April 4th marks 70 years since the signing of the North Atlantic Treaty, the text which created NATO. That anniversary, however, is hardly grabbing the headlines.
NATO Foreign Ministers will meet in Washington DC to commemorate the event and NATO’s Secretary General will address Congress. But President Trump, will not be playing host. This contrasts with the fanfare that surrounded NATO’s anniversaries of 2009 (the occasion of President Obama’s first official visit to Europe) and 1999 (which saw leaders assemble in Washington DC in the midst of a war against Serbia). NATO’s next leaders’ summit, by contrast, has been rather apologetically shunted to December in London, eight months too late.
To NATO’s detractors, the poor optics of the anniversary reflect a deeper set of problems. NATO is seen as irrelevant to America’s strategic competition with China and at odds with President Trump’s desire to scale back US involvement in Afghanistan (the location of a NATO mission dating back to 2003). While Trump has only alluded to a US withdrawal from NATO, he has been embarrassingly explicit in noting that America’s allies do not spend enough on defence. That defence deficit is compounded by political division. Turkey’s warming relationship with Russia has set alarm bells ringing in NATO capitals; France and Italy are experiencing the worst crisis in their relations since World War Two, and the UK’s claim to be ‘a leader in NATO’ jars with the damage to London’s international reputation inflicted by Brexit.
To paper over these cracks, NATO has sought to be all things to all allies. In recent years, it has played a supportive role in the anti-ISIS coalition in Syria and Iraq, boosted its military presence in eastern Europe to deter Russia, and adopted a ‘Strategic Direction South’ focused on Africa and the Middle East. The upshot has been a lack of strategic focus. NATO still operates with a Strategic Concept agreed in 2010 – there is no consensus in the alliance to replace it.
It is easy, then, to be downcast about NATO. But consider the alternatives. The European Union has made significant steps toward defence cooperation, but lacks NATO’s permanent command structures. Without such arrangements, the idea of a ‘common European army’ supported in Paris and Berlin amounts to little. Europe is already littered with defence initiatives outside of NATO, loose coalitions such as the French-led European Intervention Initiative whose purpose is as much political as it is military. The more meaningful arrangements are those which complement not cut across NATO – for instance, the Defence Cooperation Treaty between the UK and France, the UK-led Joint Expeditionary Force, or NORDEFCO which sees NATO allies Denmark, Iceland and Norway cooperate with the Scandinavian neutrals Finland and Sweden. And while NATO has generated a defence dependency upon the US, Europe’s strategic autonomy is best pursued in partnership with the US not against it. Efforts to create a ‘European pillar’ in NATO have often foundered, but at the operational level initiatives such as the British-backed Allied Rapid Reaction Corp (ARRC) or the German-inspired Framework Nations Concept demonstrate how important European leadership can be when it has American support. The wider transatlantic relationship also continues to matter. The US, Canada, Germany and the UK currently head up four battlegroups deployed to Poland and the Baltic States as part of NATO’s Enhanced Forward Presence.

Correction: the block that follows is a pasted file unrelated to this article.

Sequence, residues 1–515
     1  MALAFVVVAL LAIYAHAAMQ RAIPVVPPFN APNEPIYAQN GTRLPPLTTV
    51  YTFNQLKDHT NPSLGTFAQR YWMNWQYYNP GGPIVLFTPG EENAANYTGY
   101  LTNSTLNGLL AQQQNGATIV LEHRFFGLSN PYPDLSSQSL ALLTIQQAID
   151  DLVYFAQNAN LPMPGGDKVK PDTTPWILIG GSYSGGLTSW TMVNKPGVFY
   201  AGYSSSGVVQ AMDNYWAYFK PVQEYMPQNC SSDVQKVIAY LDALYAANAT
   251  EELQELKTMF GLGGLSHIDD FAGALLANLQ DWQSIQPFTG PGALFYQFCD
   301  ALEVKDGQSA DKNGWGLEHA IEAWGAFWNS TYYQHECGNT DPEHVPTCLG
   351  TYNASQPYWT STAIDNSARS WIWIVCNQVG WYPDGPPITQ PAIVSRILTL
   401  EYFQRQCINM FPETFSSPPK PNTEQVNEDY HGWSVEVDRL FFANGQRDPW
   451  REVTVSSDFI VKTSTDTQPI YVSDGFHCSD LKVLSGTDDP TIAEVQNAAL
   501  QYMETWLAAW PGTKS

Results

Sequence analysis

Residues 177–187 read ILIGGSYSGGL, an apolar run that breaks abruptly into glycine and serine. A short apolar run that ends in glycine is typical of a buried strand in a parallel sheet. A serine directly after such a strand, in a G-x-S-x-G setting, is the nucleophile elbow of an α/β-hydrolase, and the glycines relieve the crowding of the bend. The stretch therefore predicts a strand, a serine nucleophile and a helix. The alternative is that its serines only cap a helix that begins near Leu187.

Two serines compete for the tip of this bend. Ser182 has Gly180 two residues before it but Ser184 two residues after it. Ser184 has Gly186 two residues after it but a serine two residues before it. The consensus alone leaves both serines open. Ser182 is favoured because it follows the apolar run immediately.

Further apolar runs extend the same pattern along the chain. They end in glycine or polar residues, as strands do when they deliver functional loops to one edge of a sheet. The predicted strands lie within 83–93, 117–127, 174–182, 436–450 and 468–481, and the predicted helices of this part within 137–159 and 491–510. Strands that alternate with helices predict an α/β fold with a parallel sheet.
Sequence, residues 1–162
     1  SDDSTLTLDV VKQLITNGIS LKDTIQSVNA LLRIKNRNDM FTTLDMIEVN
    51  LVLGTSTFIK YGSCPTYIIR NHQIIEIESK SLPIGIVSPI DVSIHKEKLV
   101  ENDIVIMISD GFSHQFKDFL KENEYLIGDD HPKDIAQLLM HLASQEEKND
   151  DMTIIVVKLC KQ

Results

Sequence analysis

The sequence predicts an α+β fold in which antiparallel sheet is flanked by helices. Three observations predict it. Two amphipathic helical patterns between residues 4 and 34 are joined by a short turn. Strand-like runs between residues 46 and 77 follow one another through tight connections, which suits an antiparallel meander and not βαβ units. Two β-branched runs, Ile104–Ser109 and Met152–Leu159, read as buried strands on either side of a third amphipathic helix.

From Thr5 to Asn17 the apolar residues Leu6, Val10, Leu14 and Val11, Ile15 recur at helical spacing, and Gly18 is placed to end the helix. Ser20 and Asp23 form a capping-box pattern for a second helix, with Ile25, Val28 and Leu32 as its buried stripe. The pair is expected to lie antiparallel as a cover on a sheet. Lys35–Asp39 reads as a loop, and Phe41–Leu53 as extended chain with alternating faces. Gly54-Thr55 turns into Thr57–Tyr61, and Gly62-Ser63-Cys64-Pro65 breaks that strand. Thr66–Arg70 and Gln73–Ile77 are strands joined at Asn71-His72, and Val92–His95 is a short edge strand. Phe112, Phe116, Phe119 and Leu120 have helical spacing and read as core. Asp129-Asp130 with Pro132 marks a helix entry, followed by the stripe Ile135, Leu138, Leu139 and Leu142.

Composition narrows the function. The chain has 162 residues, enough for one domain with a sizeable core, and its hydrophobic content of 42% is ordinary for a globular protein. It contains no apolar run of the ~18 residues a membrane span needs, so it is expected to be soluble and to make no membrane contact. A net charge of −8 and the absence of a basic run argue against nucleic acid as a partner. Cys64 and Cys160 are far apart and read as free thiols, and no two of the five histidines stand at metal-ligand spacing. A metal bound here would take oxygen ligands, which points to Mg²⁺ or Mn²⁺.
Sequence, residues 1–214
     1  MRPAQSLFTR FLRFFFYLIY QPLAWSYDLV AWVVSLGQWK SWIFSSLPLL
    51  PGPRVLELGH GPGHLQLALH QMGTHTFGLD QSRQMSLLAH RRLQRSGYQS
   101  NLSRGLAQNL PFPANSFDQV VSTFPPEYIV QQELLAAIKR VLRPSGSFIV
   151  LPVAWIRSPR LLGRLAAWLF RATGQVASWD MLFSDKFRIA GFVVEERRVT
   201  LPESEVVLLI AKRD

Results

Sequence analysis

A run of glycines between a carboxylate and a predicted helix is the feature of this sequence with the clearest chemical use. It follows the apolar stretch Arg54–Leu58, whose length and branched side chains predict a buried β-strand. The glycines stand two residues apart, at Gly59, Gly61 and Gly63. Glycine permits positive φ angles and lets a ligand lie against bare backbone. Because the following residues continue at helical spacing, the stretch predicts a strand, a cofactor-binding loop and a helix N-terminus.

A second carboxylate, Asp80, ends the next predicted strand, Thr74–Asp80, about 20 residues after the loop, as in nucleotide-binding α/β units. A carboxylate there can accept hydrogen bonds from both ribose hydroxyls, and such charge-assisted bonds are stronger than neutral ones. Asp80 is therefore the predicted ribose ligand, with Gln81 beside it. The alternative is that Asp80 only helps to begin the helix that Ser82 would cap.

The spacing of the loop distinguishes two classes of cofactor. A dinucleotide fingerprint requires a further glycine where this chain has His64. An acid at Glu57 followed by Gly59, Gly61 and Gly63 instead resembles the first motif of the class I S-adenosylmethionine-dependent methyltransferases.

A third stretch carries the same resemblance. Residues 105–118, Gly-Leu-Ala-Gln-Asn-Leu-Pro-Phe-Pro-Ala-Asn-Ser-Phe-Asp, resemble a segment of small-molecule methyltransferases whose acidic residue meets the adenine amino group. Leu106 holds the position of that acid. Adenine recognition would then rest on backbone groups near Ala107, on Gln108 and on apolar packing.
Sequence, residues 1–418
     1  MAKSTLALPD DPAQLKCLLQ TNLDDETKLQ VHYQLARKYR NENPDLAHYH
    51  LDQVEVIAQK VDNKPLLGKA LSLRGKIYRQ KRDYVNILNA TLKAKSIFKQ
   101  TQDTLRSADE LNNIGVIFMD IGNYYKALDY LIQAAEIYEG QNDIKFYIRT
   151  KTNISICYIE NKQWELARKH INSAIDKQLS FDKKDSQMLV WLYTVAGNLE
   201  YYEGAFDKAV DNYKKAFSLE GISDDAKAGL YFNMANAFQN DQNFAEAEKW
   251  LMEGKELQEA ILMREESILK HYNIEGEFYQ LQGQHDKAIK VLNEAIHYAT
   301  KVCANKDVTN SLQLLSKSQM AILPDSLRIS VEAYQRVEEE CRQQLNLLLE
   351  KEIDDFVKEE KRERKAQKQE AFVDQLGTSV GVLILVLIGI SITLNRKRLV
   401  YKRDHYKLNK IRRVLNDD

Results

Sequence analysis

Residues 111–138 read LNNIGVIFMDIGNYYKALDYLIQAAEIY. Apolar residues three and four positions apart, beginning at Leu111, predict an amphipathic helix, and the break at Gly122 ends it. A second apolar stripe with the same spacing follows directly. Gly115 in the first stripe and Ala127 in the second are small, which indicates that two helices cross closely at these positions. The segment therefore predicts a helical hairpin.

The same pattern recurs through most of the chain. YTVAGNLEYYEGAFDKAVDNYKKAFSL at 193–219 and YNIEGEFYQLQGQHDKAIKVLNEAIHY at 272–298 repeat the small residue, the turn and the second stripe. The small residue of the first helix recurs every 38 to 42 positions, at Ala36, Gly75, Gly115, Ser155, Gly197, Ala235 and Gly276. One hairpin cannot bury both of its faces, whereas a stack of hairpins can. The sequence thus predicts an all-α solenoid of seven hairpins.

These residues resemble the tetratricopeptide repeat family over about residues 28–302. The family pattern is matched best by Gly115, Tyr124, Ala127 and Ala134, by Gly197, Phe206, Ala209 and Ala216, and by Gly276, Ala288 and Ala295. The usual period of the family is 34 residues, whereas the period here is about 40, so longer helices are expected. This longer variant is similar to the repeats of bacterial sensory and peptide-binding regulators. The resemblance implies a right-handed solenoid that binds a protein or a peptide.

There is much that is wrong with NATO, but fixing not abandoning it is by far the better option. There is no substitute for the defence integration NATO offers – through multilateral defence planning, joint exercises, and the promotion of inter-operability and standardisation. Over the seventy years of NATO’s existence, these processes have generated transparency, trust and political cooperation within Europe and across the Atlantic. That historic achievement has been extended as NATO has grown – its sixteen members at the end of the Cold War now numbering 29 (soon to be 30 with the accession of North Macedonia). And, unlike the EU, no one is seeking the leave NATO. Trump’s intimations in that regard have not been acted upon and his administration has, in fact, increased America’s military footprint in Europe. Trump’s criticism of allies has also spurred a significant upturn in European defence spending.
The demise of NATO has been foreseen since at least the 1960s, but it has proven remarkably resilient. NATO at 100 may seem too far out to predict, but NATO at 80 looks a very good bet.
Mark Webber, Professor of International Politics, University of Birmingham